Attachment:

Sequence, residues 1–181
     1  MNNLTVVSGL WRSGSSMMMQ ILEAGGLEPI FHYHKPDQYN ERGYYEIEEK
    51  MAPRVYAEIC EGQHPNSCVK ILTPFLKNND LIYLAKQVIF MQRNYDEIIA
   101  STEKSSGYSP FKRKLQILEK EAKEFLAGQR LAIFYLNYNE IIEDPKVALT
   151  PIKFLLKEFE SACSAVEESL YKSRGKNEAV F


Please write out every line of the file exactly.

Sequence, residues 1–181
     1  MNNLTVVSGL WRSGSSMMMQ ILEAGGLEPI FHYHKPDQYN ERGYYEIEEK
    51  MAPRVYAEIC EGQHPNSCVK ILTPFLKNND LIYLAKQVIF MQRNYDEIIA
   101  STEKSSGYSP FKRKLQILEK EAKEFLAGQR LAIFYLNYNE IIEDPKVALT
   151  PIKFLLKEFE SACSAVEESL YKSRGKNEAV F